Do Not Do These Things When Applying for a Credit Card

Do Not Do These Things When Applying for a Credit Card
0 comments, 09/09/2015, by , in Credit

As with taking out any type of loan, applying for credit card requires you to be prepared, especially if you do not have a good credit history. Also, a few activities, including those that are not obvious, can impact your chances of getting approved for a new card. According to financial advisors and lenders, the worst moves you can do to spoil such chances are:

  • Applying for a Lot of Credit Cards

Usually, an analysis of your new credit would make up 10% of your score, which can be dragged down by multiple credit inquiries. You might want to shop around for the best deals and see who will approve you for a card, but you should think twice before going on a mass application spree. So, how many is too much? Put in mind that more than two inquiries would be enough to raise a yellow flag, and five or six would definitely get you into the red-flag territory.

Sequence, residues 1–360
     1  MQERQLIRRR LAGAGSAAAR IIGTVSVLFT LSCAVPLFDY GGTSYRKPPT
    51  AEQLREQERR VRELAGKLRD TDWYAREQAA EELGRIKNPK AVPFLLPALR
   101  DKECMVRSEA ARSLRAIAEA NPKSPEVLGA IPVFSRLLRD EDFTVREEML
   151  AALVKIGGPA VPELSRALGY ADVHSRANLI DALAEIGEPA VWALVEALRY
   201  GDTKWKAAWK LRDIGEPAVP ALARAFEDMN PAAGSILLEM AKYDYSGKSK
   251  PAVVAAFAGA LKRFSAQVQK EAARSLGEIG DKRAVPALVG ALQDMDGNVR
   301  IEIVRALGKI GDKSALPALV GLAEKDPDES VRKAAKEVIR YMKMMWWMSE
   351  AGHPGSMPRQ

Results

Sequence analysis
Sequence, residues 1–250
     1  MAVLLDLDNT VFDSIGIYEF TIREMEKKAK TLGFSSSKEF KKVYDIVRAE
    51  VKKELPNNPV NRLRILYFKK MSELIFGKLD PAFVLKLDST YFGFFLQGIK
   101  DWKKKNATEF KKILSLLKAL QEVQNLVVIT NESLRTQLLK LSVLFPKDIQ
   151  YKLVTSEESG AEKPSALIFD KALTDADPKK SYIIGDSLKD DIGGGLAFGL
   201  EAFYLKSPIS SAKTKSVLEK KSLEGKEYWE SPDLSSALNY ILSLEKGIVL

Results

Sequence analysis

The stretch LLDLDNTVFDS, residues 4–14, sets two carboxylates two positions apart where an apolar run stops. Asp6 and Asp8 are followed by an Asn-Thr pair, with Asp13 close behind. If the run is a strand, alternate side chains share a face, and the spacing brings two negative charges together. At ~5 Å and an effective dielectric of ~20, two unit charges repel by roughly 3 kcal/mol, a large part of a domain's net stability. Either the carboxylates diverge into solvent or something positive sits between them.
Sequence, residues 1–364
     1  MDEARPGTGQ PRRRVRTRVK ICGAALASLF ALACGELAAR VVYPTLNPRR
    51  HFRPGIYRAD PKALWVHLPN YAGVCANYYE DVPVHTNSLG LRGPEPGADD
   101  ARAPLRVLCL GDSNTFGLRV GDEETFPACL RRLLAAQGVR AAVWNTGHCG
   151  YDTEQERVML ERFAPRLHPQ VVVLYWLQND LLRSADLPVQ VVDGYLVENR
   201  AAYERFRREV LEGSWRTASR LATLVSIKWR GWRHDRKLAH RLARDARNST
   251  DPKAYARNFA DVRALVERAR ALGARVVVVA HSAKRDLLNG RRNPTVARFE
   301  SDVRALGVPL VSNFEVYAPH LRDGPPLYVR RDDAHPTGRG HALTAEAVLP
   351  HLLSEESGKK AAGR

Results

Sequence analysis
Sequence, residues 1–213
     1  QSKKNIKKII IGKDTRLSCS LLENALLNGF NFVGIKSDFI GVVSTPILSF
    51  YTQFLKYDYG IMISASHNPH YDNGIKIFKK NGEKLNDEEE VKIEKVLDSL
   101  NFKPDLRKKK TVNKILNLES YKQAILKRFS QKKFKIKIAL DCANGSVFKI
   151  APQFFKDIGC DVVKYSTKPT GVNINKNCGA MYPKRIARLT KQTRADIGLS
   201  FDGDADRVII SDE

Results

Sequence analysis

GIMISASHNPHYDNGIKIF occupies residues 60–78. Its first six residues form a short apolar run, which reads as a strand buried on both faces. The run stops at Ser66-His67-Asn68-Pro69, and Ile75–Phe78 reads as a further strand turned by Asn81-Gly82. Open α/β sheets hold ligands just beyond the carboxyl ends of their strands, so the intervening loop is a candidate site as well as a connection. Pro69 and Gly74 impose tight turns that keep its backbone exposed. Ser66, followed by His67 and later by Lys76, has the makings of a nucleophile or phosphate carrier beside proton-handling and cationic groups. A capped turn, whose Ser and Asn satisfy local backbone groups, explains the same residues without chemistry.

• Letting Your Credit Score Slip

Credit card companies will surely look at your score in making their final decision on whether you get a card or not. Gone are the days when these companies offer credit to low-scoring applicants, and lenders now differ widely on their cut-off points. This means that it is best for you to understand how to determine if you are a good candidate by only applying if you have a credit score over 650, as this number are accepted by most credit card companies, with some charging higher interest rates.

  • Missing a Payment

Remember that paying on time will account for the biggest chunk of your credit score, usually weighing in at 35%. Some credit card holders learned this lesson the hard way, missing a payment deadline by just hours and paying interest rates of up to 30% overnight.

Aside from the ones mentioned above, make sure you are not co-signing with someone who is financially reckless, using too much credit, having many subprime loans on your report, failing to check your credit reports for errors, avoiding credit altogether and changing job too many times.

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